Finishing strong in a marathon is a feat worth chasing, but you have to break through the wall to do it. At Carlsbad, that didn’t happen, but this time I was determined to not “poop out” again. I had to make sure I got those long runs in training.
Between Carlsbad and my next full marathon I had a 10k, a 15k, and two half marathons. Though the races “disrupted” my training plan, I loved the competition. I counted them as speed training and raced some personal bests. Still keeping up with strength workouts, I gained a noticeably more amount of muscle mass. I was able to get some solid long runs in and PR in training quite a bit. My one setback was a minor injury in my right calf muscle which made me stop 6 miles into my first 20-miler. Not letting the frustration get to my head, I took a few days off, babied it a little, and was back training in less than a week. Other than that, I didn’t have any real issues. I felt pretty confident with how my training cycle went.
A little over a month before race day, I decided to go vegetarian. I was barely eating meat as it was and my husband said he wanted to slowly start morphing into veganism. I don’t know if I will ever go vegan, but I will say I don’t miss meat and my training hasn’t suffered.
Six weeks out I raced that second half marathon and then buckled down for some “series” long runs. I made it a high priority to get those distances logged. My last five weeks were 26-20-26-16-16. The second to last 16-miler was supposed to be 26, but I couldn’t. My head, legs, spirit, everything was tired. I knew I had a good training cycle. I knew I gained speed. Not finishing that run scared me a little, but I knew I’d be fine. I felt like I could break three hours.
Race morning came ever so quickly, but it felt like I hadn’t raced a marathon in ages. I was excited, but still the most calm I’d ever been on a marathon morning. Growth happened. Strength and speed improved. I was ready to prove it.
Because two Olympians were racing the half, the race coordinators made everyone start together. It was tighter than usual at the start line, but I was hoping it wouldn’t be terrible once we got moving. The gun went off and I struggled to find space. After about a mile, I found a good pace, but I still had to maneuver around a lot of people to keep it. The 5-mile marker came, and I was able to get some breathing room. Staying on pace, I tried to relax knowing the halfers would soon disappear around mile 8. Little did I know, that as soon as the split happened I would be the second leading lady for the full. I was shocked when the by-standers told me. That explained why there was a cyclist tagged on me. At first, I was annoyed because I didn’t know why he was there or what he was doing on the marathon course. I wasn’t really going for the podium, but I thought if I could, why not push for it? So I spotted a guy near me who was running a little faster than I thought I needed to go, and decided to try to stick with him. Turns out, he was trying to break 3 hours, too. We kept each other company for about 5 more miles, but then I began slipping behind and encouraged him to go on without me. During those 5 miles, I battled it out with the third leading lady. She was a familiar face, as she’s been the top female in shorter races “around town.” I knew she was a stronger runner, but I really wanted to beat her, and if I couldn’t, I was going to make her work for it.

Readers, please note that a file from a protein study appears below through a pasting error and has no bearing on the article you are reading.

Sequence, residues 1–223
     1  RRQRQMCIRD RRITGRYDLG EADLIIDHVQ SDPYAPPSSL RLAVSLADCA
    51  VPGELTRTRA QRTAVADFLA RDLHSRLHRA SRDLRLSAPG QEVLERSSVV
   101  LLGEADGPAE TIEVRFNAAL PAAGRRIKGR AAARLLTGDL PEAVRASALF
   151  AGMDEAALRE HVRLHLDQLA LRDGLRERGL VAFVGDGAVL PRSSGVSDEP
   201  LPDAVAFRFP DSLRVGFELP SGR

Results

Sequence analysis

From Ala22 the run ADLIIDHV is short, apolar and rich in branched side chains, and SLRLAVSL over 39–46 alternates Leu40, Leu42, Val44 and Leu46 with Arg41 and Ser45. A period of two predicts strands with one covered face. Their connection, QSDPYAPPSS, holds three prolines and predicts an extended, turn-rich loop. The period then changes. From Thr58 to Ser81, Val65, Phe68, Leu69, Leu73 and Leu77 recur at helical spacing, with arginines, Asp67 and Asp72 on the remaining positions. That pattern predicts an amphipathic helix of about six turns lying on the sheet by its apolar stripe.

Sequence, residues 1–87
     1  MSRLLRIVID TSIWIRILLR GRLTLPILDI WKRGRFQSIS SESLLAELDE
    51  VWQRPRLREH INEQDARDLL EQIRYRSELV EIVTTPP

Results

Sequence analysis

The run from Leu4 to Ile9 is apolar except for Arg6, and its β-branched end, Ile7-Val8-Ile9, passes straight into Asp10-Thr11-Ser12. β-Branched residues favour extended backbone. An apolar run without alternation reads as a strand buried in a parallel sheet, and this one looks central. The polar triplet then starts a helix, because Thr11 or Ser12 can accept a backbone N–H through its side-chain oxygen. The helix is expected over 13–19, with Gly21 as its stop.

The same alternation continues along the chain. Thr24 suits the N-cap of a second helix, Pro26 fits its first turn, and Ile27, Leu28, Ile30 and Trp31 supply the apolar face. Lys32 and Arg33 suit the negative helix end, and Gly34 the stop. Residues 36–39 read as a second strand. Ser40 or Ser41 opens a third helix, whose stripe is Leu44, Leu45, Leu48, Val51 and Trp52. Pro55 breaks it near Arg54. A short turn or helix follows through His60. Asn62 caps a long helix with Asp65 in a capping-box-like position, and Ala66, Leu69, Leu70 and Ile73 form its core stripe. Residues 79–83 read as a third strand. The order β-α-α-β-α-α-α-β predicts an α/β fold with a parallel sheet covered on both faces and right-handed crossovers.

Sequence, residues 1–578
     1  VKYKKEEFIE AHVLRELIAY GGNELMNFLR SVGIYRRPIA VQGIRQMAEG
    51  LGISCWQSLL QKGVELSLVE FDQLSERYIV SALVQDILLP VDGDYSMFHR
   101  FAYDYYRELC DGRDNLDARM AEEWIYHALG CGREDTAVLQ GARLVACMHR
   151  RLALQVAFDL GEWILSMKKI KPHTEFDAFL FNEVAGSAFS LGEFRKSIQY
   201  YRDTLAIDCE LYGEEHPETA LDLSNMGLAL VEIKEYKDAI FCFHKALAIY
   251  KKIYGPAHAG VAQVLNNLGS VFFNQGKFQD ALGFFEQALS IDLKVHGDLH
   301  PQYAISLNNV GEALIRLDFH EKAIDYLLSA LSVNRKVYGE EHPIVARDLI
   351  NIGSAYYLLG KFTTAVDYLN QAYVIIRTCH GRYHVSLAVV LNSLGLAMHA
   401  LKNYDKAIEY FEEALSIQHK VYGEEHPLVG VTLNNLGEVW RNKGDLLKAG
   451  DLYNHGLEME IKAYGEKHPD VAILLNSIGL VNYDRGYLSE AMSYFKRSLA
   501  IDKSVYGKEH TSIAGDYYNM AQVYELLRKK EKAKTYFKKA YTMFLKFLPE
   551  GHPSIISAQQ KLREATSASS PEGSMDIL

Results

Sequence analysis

My legs were getting heavy, and she pulled ahead, never to be seen again. I kept third female until mile 22, when I just couldn’t go anymore. I made sure I pushed passed 20 (where I stopped at Carslbad) but again, I stopped to walk. I was disappointed in myself for going out too fast, but not crushed, because I was still going to make myself PR. I tried to run again, but couldn’t get my pace back. I walked/jogged the rest of the way, finishing seventh. I didn’t meet my time goal, I didn’t make the podium, but I still PR-ed by seven minutes for a 3:11:05 marathon. I wasn’t happy, but I wasn’t sad. It was a similar mistake as my last marathon, but it felt very different – at least I showed improvement. I understood I needed to focus my long run training on “breaking the wall” next time – increasing speed on fatigued legs. Come November, I’ll be ready to break the 3-hour barrier.
David Crowder Band – Sequence 4